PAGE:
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How Overcrowded Prisons Can Fuel The Drug Trade On The Inside

More drugs and increased prisoner violence are a direct symptom of jails filling up, experts warn -- as Australian prisons become more overcrowded.

The average prison population in Queensland has increased by 43 percent in the last five years according to the state's Crime and Corruption Commission (QCCC).

The NSW prison population has risen from around 10,000 in 2013 up to over 13,370 as of October 2018.

That's a 34 percent population increase in the space of five years.

"Going to the toilet, using the shower, everything's a lot more crowded,"  a Sydney prison officer, who declined to be named, told 10 daily.

"In a cell where you have the bunk bed generally and you have a walkway next to it in the cell, there'd now be another mattress,"

Prisons numbers in New South Wales have risen by over a third in five years. (Image AAP)

Experts say overcrowded prisons leads to increased stress levels inside the facility -- which sparks more problems.

“Not surprisingly they (prisoners) are constantly embroiled in tensions and physical battles, and of course drugs,” Brett Collins, the coordinator of Justice Action, told ten daily.

Two-thirds of Australian prisoners report using illicit drugs in the 12 months before they entered prison, compared with 12% of the general population in the previous year.

Around half of prisoners are likely to meet the criteria for substance dependence.

READ MORE: Prison Population Decline Gives 'Breathing Space' To Swamped Legal System

READ MORE: ICAC Investigates Prison Officers Who Assaulted An Inmate

In Queensland's prisons, around one third of inmates have contracted communicable diseases, while the mental health situation is even worse according to the QCCC.

These inmates are nine times more likely than the general population to use anti-psychotic drugs.

“In days gone by you might have had one psychologist looking after 50 inmates, now you’ve got one psychologist looking after 200 or 300 inmates,” said the prison officer.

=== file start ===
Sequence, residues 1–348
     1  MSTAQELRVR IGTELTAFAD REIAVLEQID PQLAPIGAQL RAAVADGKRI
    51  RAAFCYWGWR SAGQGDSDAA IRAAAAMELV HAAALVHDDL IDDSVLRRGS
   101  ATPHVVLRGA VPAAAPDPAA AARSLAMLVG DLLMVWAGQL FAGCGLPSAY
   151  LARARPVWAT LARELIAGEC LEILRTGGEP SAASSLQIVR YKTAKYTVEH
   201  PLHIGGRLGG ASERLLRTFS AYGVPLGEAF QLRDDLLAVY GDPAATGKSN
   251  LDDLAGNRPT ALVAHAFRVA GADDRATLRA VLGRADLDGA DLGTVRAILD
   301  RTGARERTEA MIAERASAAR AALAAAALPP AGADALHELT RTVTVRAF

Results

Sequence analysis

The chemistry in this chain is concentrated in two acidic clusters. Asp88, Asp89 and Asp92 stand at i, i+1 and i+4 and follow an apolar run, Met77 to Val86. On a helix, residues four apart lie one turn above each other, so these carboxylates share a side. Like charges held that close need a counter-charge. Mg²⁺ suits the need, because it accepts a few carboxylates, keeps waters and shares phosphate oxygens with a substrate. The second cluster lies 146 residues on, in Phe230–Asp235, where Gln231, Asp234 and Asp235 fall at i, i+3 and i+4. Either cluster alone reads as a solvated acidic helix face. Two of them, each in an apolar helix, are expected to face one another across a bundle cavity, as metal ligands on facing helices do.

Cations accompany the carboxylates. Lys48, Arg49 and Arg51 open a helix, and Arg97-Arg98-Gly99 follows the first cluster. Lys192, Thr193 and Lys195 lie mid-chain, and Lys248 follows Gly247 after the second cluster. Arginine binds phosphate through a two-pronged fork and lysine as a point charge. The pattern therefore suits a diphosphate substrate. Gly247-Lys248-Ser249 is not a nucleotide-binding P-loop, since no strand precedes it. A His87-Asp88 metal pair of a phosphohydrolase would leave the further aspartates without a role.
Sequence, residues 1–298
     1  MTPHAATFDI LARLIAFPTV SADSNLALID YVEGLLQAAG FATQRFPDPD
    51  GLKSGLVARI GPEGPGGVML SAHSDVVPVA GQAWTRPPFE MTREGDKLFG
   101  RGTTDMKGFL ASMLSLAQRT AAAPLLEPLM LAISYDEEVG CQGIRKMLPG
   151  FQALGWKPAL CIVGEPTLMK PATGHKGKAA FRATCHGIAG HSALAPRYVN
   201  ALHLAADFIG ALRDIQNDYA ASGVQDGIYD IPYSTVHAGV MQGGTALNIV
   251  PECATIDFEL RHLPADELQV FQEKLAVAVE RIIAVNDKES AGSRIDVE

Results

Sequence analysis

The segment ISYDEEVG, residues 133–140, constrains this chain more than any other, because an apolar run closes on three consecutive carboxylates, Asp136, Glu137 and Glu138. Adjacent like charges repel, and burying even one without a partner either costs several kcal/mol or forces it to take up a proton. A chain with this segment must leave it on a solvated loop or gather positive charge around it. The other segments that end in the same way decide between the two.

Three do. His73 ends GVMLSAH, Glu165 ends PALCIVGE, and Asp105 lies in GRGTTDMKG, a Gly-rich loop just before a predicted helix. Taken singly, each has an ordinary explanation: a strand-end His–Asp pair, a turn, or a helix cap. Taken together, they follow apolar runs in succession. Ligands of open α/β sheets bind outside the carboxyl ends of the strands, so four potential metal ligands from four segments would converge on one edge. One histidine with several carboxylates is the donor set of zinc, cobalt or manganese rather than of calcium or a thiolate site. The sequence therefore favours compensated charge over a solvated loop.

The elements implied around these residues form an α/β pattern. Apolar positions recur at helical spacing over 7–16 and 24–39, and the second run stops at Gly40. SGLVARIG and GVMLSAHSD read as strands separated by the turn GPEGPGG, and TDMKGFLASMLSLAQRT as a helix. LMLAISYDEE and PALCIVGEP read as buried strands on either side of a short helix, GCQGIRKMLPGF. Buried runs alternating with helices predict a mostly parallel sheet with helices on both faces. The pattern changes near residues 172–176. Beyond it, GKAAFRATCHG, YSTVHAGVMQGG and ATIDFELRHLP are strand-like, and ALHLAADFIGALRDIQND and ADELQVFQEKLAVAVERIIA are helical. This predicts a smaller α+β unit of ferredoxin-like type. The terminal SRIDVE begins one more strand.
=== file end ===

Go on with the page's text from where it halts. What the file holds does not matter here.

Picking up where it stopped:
This sort of overcrowding also means that different prisoners are thrown together, putting some in significant danger.

Prison population sorted by offence in the September 2018 quarterly update. (Image NSW BOCSAR)

According to the NSW Bureau of Crime Statistics and Research ,41 percent of prisoners were incarcerated in relation to homicide, sexual assault or actions intended to cause injury.

They might be coming into close contact with white-collar criminals who aren't violent offenders, making them easy targets.

The overcrowding has also led to a significant problem with drugs in prisons, the prison guard said, which can be a danger not only to prisoners and the guards assigned to watch over them.

“I’ve seen it where it’s a very little person, very small in stature, but it can take up to nine or 10 officers to control this person because their strength is doubled or tripled while they’re on ice,” said the prison officer.

More prisoners means more visitors, and therefore more chance for illicit substances to be smuggled into jails.

10 daily has been told, there are a variety of ways in which inmates can gain access to drugs, one of which being during 'contact visits' with friends or family.

“If I was visiting someone I’d place a balloon in my mouth," the prison officer said.

Drugs are regularly smuggled in during visits. (Image AAP)

"A small little party balloon, I’d kiss, the other person would swallow it, a couple of days later it’d come out in the toilet, there you go."

He also said if Australia prohibits inmates and their visitors from making physical contact during visits, it would have a significant impact on the drug trade. 

The demand for drugs can also lead to dangerous relationships between inmates.

"The weakness of those who are drug affected is exploited by others unfortunately," Collins said.

Feature Image AAP

Contact the author: mgay@networkten.com.au